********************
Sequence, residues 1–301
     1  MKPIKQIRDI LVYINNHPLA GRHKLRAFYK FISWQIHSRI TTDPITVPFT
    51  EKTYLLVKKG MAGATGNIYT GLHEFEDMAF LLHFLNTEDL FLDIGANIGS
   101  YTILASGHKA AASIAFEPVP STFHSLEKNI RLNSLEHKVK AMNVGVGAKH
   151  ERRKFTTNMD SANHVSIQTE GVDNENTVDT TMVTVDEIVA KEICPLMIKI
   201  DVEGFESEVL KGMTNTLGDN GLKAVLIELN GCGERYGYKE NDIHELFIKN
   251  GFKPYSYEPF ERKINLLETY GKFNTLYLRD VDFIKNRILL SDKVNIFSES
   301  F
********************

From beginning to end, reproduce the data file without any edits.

Sequence, residues 1–301
     1  MKPIKQIRDI LVYINNHPLA GRHKLRAFYK FISWQIHSRI TTDPITVPFT
    51  EKTYLLVKKG MAGATGNIYT GLHEFEDMAF LLHFLNTEDL FLDIGANIGS
   101  YTILASGHKA AASIAFEPVP STFHSLEKNI RLNSLEHKVK AMNVGVGAKH
   151  ERRKFTTNMD SANHVSIQTE GVDNENTVDT TMVTVDEIVA KEICPLMIKI
   201  DVEGFESEVL KGMTNTLGDN GLKAVLIELN GCGERYGYKE NDIHELFIKN
   251  GFKPYSYEPF ERKINLLETY GKFNTLYLRD VDFIKNRILL SDKVNIFSES
   301  F